All we like sheep have gone astray." (Isaiah 53:6)
Posted May 6, 2004
Written: May 2, 2004
Culling The Greenheads
'That kind of persuasion
does not come from the one who calls you. "A little yeast works through
the whole batch of dough." I am confident in the Lord that you will
take no other view. The one who is throwing you into confusion will pay
the penalty, whoever he may be. (Galatians 5:8-10, NIV)
Two days ago I took three greenheads to market. They were young adult sheep in their prime, but they had to go. I will not tolerate rogue sheep and risk having the entire flock lead astray.
Each spring as the grass gets greener on the other side of the fence we tend to have more problems with sheep going through the strands of electric fence into adjoining pastures. Once an animal learns it can burst through the electric fence it can do so at will, without pain. Our close observation of the flock can minimize the problem. For example if sheep seem too tempted to go through a pasture fence we sometimes merely move them to a different pasture.
This spring was different. We had three ewes that were constantly in the wrong pasture. I finally isolated them one day and painted their heads green with a special paint for marking on wool. I kept them from the flock and inside a barn for about a week. I had no problems with sheep leaving the pasture that week. I then returned the three "greenheads" to the pasture....sure enough sheep were going through fences again, and guess what color they had on their heads. That's right...GREEN. So we had properly identified all the rogue sheep.
Since they were near the end of pregnancy we did not wish to sell them at that time. So I tried various management practices to reform the greenheads hoping they would not lead others into the same bad habits. We had them on the farm for several weeks giving their newborn lambs time enough to grow before we weaned them and sold their mothers. It was a struggle because we could not reform the greenheads, and it was not practical to keep them in the barn all the time. I'm sure you have some understanding of my dilemma during that period.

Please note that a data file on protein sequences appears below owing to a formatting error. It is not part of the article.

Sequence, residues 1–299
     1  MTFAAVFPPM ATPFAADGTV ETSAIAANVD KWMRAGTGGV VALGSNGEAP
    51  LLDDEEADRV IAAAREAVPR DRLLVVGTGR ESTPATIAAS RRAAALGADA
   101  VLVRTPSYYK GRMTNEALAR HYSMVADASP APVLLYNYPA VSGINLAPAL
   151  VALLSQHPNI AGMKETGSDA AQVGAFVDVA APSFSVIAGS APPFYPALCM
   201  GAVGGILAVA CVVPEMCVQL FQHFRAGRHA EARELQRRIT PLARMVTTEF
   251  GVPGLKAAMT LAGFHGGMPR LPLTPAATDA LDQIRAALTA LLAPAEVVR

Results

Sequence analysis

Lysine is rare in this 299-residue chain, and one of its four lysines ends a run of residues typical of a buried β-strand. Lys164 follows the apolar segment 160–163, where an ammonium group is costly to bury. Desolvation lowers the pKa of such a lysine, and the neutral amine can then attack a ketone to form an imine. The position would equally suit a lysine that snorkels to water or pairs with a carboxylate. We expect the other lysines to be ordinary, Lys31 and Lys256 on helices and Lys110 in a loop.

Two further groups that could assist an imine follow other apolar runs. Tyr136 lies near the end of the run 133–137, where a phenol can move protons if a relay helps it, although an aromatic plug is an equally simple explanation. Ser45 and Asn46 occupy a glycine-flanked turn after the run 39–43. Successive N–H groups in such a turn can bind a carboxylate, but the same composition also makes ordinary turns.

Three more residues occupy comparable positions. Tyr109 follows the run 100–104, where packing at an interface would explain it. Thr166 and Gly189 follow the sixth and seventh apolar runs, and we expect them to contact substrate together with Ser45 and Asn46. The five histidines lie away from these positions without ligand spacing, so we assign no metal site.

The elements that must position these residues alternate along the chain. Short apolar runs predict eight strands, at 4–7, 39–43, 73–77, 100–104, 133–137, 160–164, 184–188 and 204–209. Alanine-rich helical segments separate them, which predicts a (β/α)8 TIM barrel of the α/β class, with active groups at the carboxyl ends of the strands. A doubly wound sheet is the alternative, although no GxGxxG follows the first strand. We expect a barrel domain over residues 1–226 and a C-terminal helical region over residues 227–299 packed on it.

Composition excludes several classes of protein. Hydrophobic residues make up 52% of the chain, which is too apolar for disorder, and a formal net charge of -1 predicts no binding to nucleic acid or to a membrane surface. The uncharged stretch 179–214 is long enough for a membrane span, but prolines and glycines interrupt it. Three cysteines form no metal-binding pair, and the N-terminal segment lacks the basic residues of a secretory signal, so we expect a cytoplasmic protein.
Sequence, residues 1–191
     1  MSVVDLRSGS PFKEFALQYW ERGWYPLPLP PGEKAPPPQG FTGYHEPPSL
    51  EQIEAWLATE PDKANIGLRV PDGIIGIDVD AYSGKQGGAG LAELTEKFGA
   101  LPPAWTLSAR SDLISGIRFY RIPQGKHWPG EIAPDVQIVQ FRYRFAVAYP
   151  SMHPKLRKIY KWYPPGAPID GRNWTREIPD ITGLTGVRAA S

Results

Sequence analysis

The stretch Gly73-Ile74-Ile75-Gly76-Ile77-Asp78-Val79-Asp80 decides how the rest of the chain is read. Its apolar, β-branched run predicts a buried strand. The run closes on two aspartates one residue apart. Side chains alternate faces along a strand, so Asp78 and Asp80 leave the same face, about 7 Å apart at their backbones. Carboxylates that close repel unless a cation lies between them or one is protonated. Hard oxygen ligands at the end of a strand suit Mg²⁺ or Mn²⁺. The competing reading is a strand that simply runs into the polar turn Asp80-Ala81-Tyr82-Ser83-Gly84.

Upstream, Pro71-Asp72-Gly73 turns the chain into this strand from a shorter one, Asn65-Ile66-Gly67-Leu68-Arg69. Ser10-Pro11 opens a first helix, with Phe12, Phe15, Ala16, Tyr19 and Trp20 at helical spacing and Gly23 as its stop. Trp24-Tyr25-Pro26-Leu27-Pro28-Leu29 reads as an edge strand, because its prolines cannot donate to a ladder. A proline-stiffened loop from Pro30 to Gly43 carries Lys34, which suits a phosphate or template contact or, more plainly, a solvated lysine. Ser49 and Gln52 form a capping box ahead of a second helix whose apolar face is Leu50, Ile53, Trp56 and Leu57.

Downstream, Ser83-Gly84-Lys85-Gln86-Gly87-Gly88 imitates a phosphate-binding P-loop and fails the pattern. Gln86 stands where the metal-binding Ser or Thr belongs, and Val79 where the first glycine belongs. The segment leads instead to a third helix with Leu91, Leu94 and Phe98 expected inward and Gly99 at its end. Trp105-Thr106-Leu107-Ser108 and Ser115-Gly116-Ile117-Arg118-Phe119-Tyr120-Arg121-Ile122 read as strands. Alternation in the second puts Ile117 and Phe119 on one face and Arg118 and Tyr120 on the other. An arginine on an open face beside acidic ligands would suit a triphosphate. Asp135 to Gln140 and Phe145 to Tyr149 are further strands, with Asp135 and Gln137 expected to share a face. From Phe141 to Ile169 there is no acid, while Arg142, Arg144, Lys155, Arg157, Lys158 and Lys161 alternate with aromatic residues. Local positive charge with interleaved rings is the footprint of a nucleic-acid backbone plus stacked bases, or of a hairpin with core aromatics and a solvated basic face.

What about the church? Who are the greenheads? The worst ones are not in the congregation. The worst ones are the civil leaders, the politicians, the public school systems, and any in our culture that go the wrong way. The Bible says, as shown in our key Scripture verse, that "A little yeast works through the whole batch of dough." I had to sell three sheep that otherwise were prime looking animals at a nice productive age. I really hated to remove them from the flock; it was a hard decision in one way, but easy in another. It was hard because they were productive, but it was easy knowing I was separating my flock from three rogue sheep.
Christians need to begin making some hard decisions. When will we take inventory of all the rogue influences, especially those who adversely affect our children? When will we decide that public schools, for example, are leading our young lambs into places away from The Good Shepherd? Why let the greenheads lead our children astray? There are too many Christians who lack the wisdom to distinguish between those who can be reformed and those who(or what) cannot (e.g., Geenheaded public school systems).
And by the way, if
I had sheltered my lambs in the barn (church) on Sunday to protect them
from the rogue influences, and then put them back in the pasture Monday
through Saturday, you know as well as I do that the Sunday management
would not have negated the behavior of the greenheads the rest of the
week. If you are a pastor you should realize that you have some responsibility
about where the children of your congregation are grazing Monday through
Saturday. Isolating the lambs in your barn on Sunday is not good enough.
If we don't take drastic action soon God may paint our heads green.